Kirkus Reviews Issue: Sept. 15, 2011

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A declaration worth hearing out in a time of growing inequality—and indignity.


Noted number cruncher Sperling delivers an economist’s rejoinder to life, liberty, and the pursuit of happiness.

Former director of the National Economic Council in the administrations of Presidents Bill Clinton and Barack Obama, the author has long taken a view of the dismal science that takes economic justice fully into account. Alongside all the metrics and estimates and reckonings of GDP, inflation, and the supply curve, he holds the great goal of economic policy to be the advancement of human dignity, a concept intangible enough to chase the econometricians away. Growth, the sacred mantra of most economic policy, “should never be considered an appropriate ultimate end goal” for it, he counsels. Though 4% is the magic number for annual growth to be considered healthy, it is healthy only if everyone is getting the benefits and not just the ultrawealthy who are making away with the spoils today. Defining dignity, admits Sperling, can be a kind of “I know it when I see it” problem, but it does not exist where people are a paycheck away from homelessness; the fact, however, that people widely share a view of indignity suggests the “intuitive universality” of its opposite. That said, the author identifies three qualifications, one of them the “ability to meaningfully participate in the economy with respect, not domination and humiliation.” Though these latter terms are also essentially unquantifiable, Sperling holds that this respect—lack of abuse, in another phrasing—can be obtained through a tight labor market and monetary and fiscal policy that pushes for full employment. In other words, where management needs to come looking for workers, workers are likely to be better treated than when the opposite holds. In still other words, writes the author, dignity is in part a function of “ ‘take this job and shove it’ power,” which is a power worth fighting for.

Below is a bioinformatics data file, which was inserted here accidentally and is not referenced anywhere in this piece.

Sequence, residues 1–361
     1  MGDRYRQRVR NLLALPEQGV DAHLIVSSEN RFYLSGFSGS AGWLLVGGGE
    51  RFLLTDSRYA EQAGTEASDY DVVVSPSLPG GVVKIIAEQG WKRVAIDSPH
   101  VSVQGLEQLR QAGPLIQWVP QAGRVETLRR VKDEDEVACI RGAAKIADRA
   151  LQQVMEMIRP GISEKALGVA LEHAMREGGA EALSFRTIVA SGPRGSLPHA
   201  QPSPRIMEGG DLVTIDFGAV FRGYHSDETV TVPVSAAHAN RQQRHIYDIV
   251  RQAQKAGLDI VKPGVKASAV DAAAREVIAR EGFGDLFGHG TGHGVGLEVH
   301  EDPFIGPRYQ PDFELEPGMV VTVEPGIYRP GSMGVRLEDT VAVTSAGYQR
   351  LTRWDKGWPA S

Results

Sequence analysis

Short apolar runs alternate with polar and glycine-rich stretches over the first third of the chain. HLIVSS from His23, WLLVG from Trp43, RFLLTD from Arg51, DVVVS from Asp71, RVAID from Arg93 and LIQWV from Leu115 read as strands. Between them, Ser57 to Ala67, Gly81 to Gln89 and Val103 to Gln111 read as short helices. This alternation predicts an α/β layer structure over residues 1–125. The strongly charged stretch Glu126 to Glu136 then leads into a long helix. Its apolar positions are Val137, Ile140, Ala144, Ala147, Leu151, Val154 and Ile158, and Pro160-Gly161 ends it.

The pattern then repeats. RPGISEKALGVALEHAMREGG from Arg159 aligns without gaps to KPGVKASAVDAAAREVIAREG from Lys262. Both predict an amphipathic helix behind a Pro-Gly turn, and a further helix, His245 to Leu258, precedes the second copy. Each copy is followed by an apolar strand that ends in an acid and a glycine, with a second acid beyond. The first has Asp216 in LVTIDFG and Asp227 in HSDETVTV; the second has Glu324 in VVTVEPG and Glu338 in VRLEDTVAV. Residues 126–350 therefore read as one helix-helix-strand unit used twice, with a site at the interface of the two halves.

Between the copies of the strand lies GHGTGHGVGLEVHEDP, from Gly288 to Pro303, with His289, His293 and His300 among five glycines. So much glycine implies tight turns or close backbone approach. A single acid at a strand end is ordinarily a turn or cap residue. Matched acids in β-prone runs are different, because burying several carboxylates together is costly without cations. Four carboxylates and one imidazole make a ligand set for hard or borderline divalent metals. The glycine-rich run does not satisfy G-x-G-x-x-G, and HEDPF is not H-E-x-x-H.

A declaration worth hearing out in a time of growing inequality—and indignity.

Pub Date: May 5, 2020

ISBN: 978-1-9848-7987-5

Page Count: 384

Publisher: Penguin Press

Review Posted Online: Feb. 26, 2020

Kirkus Reviews Issue: March 15, 2020